The North Cascades were waiting with their power and grace but I was on the verge of canceling this trip.
New initiatives, investor meetings, podcasts, annual planning, and family commitments, left me wondering if this trip was still wise. It would take me away from the “real world” for two weeks and would require me to take my hand off the pulse. Started to even feel selfish.
I was on the verge of canceling the entire trip, but my wife offered this: “Your soul lives in the mountains, it’s something you enjoy and I know you need it. Everything will be fine. Plus, when are you going to get something like this back on the calendar?”
Just honor your commitment and go north.
Despite the pep talk, this trip still hadn’t fully settled in my mind, as I headed to the Cascades. The entire time I was traveling, I was squeezing in phone calls and firing off emails. Even as I was boarding the plane, I had my earbuds in, tuning into meetings and organizing my Team. I thought to myself, “Man, I hope this was a good call…” as I looked at my gear laid out on my bed, and sent a few more emails from my hotel room.
Day 1 of the mountains came right at sunrise, where I would meet a small Team of mountaineers doing our final gear check, before stepping off. We packed the van full of our ice axes, mountain equipment, and ropes and set off on the winding roads of Washington. We had several miles to hike to basecamp where we would be operating for the next few days. Basecamps serve as a launch point for shorter expeditions, where you can more quickly get to different parts of the mountain and start honing skills. As we made our approach, there is always one thing the wilderness promises, especially in the mountains: NO SIGNAL. At some point, even if you wanted to interact with the real world, it is impossible – The wilderness has claimed you. The thought of jumping on a video conference or firing off that email soon fades. I had almost forgotten about this ease that comes up when you realize there’s No Looking Back.
Once you cross that demarcation line, the “real world” stops pinging you.
The reverence of that moment is when all the “noise” falls away. I started noticing the direction of the wind, crunching dirt under my feet and the sound of the river up ahead. You start picking up on the subtle things because nothing else is robbing your attention. Coming here started to feel better.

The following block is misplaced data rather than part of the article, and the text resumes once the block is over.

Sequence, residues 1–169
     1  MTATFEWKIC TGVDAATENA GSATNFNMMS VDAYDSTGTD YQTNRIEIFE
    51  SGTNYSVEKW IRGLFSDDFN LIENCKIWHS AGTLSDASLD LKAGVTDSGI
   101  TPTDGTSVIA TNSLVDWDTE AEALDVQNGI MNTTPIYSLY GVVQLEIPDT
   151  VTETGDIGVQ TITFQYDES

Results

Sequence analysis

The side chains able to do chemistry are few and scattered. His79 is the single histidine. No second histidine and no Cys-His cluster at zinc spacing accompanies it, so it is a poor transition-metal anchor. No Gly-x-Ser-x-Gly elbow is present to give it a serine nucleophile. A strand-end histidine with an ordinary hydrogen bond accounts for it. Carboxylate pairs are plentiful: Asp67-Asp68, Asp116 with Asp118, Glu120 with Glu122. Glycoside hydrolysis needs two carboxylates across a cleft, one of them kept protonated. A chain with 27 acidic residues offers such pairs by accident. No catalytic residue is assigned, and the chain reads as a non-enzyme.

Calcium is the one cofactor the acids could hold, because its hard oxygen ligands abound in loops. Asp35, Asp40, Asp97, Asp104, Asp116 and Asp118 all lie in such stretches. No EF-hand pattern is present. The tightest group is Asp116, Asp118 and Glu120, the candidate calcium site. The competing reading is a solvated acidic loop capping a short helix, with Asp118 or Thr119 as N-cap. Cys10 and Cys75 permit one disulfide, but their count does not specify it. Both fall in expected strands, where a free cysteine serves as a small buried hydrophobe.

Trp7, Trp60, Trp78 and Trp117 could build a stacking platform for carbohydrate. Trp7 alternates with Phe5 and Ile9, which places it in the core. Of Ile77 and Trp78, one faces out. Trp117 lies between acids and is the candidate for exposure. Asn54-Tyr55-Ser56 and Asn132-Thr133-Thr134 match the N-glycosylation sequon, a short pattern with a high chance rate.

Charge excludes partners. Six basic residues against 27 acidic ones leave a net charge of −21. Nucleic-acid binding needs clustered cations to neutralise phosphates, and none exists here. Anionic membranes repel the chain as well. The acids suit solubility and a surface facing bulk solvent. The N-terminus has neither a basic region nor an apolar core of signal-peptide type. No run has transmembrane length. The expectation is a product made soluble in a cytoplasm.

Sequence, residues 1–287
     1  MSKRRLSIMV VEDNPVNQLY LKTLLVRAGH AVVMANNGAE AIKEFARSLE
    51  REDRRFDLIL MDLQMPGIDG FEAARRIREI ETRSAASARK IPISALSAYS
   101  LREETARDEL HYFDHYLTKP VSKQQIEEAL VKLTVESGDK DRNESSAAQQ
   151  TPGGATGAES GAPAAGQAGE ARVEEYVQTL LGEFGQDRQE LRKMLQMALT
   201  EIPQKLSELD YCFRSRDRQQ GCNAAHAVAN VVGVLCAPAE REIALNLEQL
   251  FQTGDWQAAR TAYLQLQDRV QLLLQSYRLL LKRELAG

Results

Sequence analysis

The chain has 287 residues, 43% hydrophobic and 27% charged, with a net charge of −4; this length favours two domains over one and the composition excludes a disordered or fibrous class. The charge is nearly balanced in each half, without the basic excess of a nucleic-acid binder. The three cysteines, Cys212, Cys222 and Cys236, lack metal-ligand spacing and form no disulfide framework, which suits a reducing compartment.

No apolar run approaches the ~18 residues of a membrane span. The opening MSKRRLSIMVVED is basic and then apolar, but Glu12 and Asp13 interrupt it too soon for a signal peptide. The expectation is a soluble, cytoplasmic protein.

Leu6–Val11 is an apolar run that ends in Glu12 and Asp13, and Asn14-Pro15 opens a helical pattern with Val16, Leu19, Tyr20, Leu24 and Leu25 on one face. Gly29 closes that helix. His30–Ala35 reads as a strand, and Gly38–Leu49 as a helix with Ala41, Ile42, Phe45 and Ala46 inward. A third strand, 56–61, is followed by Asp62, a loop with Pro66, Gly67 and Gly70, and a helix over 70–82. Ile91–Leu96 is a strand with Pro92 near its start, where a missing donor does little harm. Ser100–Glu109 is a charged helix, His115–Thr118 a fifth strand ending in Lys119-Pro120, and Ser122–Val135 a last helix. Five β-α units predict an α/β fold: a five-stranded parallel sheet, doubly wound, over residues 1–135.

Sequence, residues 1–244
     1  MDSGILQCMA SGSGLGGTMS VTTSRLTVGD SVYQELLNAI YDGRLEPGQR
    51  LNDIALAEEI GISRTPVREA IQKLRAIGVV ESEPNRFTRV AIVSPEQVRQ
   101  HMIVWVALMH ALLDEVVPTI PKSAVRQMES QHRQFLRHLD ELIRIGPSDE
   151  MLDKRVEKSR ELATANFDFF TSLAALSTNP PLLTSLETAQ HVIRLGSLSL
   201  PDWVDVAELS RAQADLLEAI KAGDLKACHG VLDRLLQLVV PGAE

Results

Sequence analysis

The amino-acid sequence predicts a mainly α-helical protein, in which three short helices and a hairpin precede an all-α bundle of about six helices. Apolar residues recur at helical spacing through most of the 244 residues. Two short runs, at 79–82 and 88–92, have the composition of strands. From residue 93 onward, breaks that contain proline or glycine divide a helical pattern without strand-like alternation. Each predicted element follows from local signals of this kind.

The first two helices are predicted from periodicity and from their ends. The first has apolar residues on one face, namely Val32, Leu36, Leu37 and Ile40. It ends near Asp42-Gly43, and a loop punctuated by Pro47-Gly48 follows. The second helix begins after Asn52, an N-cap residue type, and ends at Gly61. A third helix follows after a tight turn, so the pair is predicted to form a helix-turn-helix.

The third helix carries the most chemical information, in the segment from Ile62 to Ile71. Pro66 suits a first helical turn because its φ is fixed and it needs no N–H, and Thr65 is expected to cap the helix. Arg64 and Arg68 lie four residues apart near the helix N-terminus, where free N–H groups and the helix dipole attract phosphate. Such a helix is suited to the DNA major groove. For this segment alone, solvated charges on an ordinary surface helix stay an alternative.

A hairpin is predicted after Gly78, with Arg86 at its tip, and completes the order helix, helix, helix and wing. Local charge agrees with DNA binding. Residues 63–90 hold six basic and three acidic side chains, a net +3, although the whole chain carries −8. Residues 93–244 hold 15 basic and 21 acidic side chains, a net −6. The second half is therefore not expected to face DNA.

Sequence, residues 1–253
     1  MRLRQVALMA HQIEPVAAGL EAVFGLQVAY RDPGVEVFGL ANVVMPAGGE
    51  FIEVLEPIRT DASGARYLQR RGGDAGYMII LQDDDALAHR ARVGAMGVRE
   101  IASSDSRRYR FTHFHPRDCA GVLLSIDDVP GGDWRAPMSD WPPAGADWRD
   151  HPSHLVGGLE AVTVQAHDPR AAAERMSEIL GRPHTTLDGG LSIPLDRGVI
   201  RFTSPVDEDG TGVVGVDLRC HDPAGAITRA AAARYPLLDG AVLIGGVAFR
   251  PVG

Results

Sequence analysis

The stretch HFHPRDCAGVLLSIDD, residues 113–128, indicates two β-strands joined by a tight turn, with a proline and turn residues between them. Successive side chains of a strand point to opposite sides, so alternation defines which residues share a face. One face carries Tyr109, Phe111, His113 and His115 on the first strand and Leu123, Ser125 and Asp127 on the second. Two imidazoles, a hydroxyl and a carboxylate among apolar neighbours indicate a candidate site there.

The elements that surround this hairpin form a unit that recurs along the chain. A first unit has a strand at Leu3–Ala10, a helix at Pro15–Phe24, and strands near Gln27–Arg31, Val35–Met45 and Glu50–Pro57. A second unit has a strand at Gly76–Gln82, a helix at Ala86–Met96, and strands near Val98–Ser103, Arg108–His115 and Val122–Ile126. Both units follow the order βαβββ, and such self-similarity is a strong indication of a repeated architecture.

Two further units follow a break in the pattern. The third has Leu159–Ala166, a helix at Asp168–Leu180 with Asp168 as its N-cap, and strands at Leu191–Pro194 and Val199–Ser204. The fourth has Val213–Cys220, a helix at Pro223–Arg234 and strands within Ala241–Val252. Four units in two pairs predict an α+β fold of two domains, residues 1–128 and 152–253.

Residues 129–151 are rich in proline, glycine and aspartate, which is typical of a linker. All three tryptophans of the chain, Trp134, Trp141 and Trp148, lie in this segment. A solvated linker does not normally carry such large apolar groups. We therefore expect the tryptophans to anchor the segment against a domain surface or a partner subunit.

I was moved by how much clarity and speed I had. I felt like every minute of thought was equal to 30 minutes of thinking back home.
The richness of thought continues beyond the basecamp approach- They get more vivid. When you are traversing a glacier or doing a summit push, there are times when the conditions are quite intense, but those uncomfortable moments are the most productive. As the wind is piercing your body, the cold settles on your face and the fatigue in your legs increases, something happens. You start to pay attention to what’s most important, what’s right in front of you. You look around to make sure your Team is on track and keep an eye out for any hazards, then it’s one foot right in front of the other. The small distractions back home never enter your mind.
When you get back to basecamp, it’s different from coming through your front door at home. You get done with an expedition and have just enough time to reset your gear and get food before the sun goes down. When the sun goes down, it’s pitch black- This is what it must have been like back in our ancestral days. I take a few minutes to review tomorrow’s route and conditions, then move into my evening ritual. As I write, I think about one or two things back home. I find that those moments before officially retiring for the night are when I come up with the solutions I have been seeking. The micro-distractions back home prevented me from seeing them all along. Now they are clear as day. As the wind lightly taps my tent wall, I shut my headlamp off and bed down.
Even though I am someone who loves the outdoors, I sometimes fight putting it on the calendar because I think it’s going to screw something up, but it never does. The wilderness is the defrag I need to go as fast as possible. The weeks following an expedition are always the most productive. I’m executing in my flow state and every day of work feels like a week. I’m not distracted, I’m grateful and I’m focused. When’s my next trip?